Why should a man be scorned if, finding himself in prison, he tries to get out and go home? Or if, when he cannot do so, he thinks and talks about other topics than jailers and prison-walls?
Escapism is basically a mental diversion or "escape" from the perceived unpleasant or banal aspects of daily life. Everything that makes us escape from Real Life
can be considered a form of Escapism
. This trope is Truth in Television
; common forms of Escapism are video games
, drugs, Alcohol, Fiction
, Facebook games
, gambling, movies, and TVTropes
This trope applies to fictional characters using escapism in order to escape from their problems and/or not having to face Real Life
For an in-depth analysis of this trope, go to Analysis.Escapism
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Anime & Manga
- The main characters in Bridge to Terabithia create a fantasy world in order to escape their hardships at school.
- Sidekicks is about a sickly and bullied kid who copes by having vivid daydreams — bordering on hallucinations — about teaming up with Chuck Norris.
- Basically the underlying premise behind Sucker Punch.
- In Brave, Merida rides her horse, practices her archery and does anything she can to keep her mind off what she considers the boring lessons her mother is teaching her regarding etiquette and managing a kingdom. Things come to a head when time catches up with her and she has to actually deal with matters head-on.
Live Action TV
- In Smallville, it's implied that Clark is just a crazy person that created a fantasy world in order to escape reality. Until that's revealed to be a hallucination by Dr. Hudson (a "zoner").
- The Charmed episode "Brain Drain" has The Source create an elaborate spell to trick Piper into giving up the sisters' powers. He makes Piper imagine that she is really in a mental hospital where Prue, Phoebe and Paige aren't really her sisters and she doesn't have powers. The doctors in the hallucination claim she created her life as a Charmed One to cope with the death of her grandmother. The chilling part is that the hallucination is well timed to Piper regretting becoming a witch so she almost believes the hallucination.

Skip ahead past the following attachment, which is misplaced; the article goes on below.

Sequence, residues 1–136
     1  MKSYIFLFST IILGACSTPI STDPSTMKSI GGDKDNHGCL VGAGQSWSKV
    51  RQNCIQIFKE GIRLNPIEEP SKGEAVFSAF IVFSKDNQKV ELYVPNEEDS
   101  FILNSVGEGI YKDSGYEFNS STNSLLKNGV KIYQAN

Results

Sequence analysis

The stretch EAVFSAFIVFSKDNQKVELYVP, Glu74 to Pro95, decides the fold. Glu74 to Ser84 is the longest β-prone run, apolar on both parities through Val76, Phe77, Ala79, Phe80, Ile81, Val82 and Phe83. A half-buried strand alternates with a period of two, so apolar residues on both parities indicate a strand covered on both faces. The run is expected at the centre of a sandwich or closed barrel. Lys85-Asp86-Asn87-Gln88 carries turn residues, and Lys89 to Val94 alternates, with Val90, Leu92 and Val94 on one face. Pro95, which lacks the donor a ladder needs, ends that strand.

- Similar to the Charmed example, Buffy the Vampire Slayer gives us "Normal Again" where Buffy gets venom from a demon that convinces her she is really in a mental hospital and that her life as a Slayer is just escapism fantasy.
- And the season this takes place in has Buffy trying to escape from her depression by having torrid rough sex with Spike.
- In an episode of Red Dwarf, the crew discovers a long-lost VR game called "Better than Life". It's Exactly What It Says on the Tin.
- In Series/Community, Abed frequently refers to his life in the format of seasons and refers to tropes, though instead of Abed actually being meta he's simply building a framing device around his own life. While reality is confusing and unstructured to him, he has a very strong understanding of tropes, and as a result he will not hesitate to start framing reality in the form of pop culture to help him cope with problems (or sometimes just to make his life more interesting). This is deconstructed multiple times as being unhealthy, mainly because of how extreme Abed will take these delusions and how little empathy he has for others in his attempts to keep the illusions going.
- Played with - multiple comic artists have done one shots or simple comics showing fantasy characters such as wizards, warriors and dragons playing a fictional role playing game of our world such as Papers & Paychecks instead of Dungeons & Dragons. (Example here◊)
- Gaz of Invader Zim is obsessed with video games. In her world humans are generally stupid, ignorant and repulsive and the world they live in is polluted and unclean. She uses video games and apathy to escape her reality.
- This is referenced in a Phineas and Ferb commercial were Phineas tells the audience to turn off their computers and enjoy life outside
- In the South Park episode "Make Love, Not Warcraft", there is a nerd that is depicted as completely obsessed with World of Warcraft and completely out of touch of reality. He is described as having "no life" by the characters.
- In Chaotic, the heroes' best friend is constantly avoiding Real Life through a trading card game. Then this trope is subverted when Chaotic turns out to be real.
- Moral Orel: Nurse Bendy's room looks like that of a little girl, full of bright colors and toys. She acts out the role of a mother to a loving family with a teddy bear husband and teddy bear son. She does it to escape from being constantly used, being utterly alone, and having no one who really thinks about her thoughts and feelings and treats her like a real person. However, once she is reunited with her actual son Joe, she throws away her "son" doll, because she finally has a real son who cares about her a lot. Very arguably one of the most positive portrayals of anti-escapism in television.